Nearly 30 years ago, the HIV epidemic was first identified as a major problem along East Africa’s road axes. While transport corridors are no longer the primary source of new infections in Kenya, they remain a significant driver of the epidemic. The Government of Kenya has therefore prioritized populations along transport corridors as among “the most important most-at-risk populations that are not adequately covered by the national HIV prevention strategy” (NACC, 2009). The phenomenon of “mobile men with money”, socio-economic disparities, and vibrant night life along corridors encourages both men and women – in large numbers – to engage in unsafe sex, including long-term multiple concurrent partnerships where condom use is stubbornly low and infectivity is higher.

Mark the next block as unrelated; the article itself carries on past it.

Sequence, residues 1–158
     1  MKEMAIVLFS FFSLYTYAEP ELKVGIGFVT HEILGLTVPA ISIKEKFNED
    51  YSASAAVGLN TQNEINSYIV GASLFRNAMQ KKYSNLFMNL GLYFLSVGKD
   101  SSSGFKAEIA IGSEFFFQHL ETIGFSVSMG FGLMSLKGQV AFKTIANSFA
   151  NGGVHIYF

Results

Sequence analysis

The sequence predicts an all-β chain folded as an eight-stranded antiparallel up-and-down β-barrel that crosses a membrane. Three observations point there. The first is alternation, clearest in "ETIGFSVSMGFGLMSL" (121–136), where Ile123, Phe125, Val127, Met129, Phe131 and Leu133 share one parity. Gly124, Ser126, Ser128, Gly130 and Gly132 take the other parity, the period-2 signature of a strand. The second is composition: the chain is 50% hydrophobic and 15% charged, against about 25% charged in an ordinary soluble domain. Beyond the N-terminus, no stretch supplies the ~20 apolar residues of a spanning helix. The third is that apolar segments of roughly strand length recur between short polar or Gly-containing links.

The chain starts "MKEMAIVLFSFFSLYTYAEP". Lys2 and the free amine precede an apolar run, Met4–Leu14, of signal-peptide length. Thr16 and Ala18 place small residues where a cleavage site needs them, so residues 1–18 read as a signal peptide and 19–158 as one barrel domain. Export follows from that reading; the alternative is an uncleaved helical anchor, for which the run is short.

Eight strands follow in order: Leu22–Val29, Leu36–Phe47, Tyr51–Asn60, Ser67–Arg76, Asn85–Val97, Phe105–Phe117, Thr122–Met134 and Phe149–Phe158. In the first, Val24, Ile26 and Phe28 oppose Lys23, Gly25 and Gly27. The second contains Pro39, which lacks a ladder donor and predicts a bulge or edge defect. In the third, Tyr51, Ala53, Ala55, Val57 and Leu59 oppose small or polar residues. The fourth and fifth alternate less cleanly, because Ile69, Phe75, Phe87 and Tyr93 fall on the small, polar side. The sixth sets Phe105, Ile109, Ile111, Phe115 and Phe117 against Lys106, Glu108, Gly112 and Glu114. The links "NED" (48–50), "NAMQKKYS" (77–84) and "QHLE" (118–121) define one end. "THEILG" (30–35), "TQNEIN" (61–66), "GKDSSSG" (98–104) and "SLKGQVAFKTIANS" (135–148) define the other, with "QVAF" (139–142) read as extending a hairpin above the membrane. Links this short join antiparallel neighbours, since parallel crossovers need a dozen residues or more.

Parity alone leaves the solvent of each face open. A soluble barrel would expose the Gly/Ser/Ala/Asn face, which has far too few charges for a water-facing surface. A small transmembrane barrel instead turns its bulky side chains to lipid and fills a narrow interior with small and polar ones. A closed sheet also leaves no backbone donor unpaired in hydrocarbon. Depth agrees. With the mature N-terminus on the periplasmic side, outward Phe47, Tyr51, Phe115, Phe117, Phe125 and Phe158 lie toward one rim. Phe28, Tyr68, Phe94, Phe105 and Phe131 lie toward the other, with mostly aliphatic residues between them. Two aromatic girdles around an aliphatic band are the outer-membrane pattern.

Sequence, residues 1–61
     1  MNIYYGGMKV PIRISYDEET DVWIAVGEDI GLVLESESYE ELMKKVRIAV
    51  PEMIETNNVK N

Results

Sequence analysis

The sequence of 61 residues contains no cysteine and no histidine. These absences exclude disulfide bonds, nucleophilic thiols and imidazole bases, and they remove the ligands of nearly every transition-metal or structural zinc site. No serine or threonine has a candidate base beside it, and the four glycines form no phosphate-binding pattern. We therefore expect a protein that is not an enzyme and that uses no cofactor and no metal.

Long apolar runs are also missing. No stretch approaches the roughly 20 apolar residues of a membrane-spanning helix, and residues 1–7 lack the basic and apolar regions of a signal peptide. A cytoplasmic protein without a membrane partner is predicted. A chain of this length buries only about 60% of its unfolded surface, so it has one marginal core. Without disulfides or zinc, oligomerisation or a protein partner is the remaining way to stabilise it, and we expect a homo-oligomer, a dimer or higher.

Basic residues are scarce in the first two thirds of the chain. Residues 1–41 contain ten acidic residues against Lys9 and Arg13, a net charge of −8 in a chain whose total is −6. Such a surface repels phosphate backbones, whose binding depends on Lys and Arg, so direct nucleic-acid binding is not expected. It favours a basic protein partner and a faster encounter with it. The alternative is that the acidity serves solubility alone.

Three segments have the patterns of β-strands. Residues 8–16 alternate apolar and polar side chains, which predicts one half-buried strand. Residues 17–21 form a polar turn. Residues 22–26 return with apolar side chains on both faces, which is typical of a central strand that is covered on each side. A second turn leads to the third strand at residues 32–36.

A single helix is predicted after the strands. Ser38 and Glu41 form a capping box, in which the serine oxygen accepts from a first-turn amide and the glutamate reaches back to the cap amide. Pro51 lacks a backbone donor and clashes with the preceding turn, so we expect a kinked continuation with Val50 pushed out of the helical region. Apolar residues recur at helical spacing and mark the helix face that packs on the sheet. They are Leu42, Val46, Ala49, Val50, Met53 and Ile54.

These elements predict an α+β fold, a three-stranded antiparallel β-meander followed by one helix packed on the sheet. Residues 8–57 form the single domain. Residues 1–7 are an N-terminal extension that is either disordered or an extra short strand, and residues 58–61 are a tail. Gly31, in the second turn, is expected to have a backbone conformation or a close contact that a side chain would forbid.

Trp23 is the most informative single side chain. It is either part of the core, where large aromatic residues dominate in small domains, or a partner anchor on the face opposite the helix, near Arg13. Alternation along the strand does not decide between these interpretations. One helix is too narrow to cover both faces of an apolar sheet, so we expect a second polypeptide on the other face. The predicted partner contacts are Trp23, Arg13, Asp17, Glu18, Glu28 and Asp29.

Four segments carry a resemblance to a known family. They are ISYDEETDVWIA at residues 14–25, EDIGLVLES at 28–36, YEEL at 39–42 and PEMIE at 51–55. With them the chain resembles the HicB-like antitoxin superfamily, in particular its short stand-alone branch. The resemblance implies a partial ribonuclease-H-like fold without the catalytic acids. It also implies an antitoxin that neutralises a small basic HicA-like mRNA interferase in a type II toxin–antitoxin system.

IOM advocates for a three-pronged combination prevention approach, including, 1) clinical services that meet the specific needs of both vulnerable men and women; 2) strengthening messaging and intensifying behaviour change communication, and; 3) addressing priority structural issues, such as making quality condoms available. Clear consensus among stakeholders is required in terms of general approach, as well as on setting simple, bold, and achievable prevention objectives, such as promoting 100 per cent knowledge of HIV status (GFATM, 2008). Through an inclusive process, IOM is assisting NACC and NASCOP to facilitate the development of a national HIV prevention strategy along transport corridors that will be validated by all stakeholders in 2011. A minimum package will be developed including targeted behaviour change communication, male and female friendly minimum clinical packages, priority structural interventions, for example condom and lubricant promotion, quality assurance, and capacity building. This process will facilitate gap identification and eventual resource mobilization.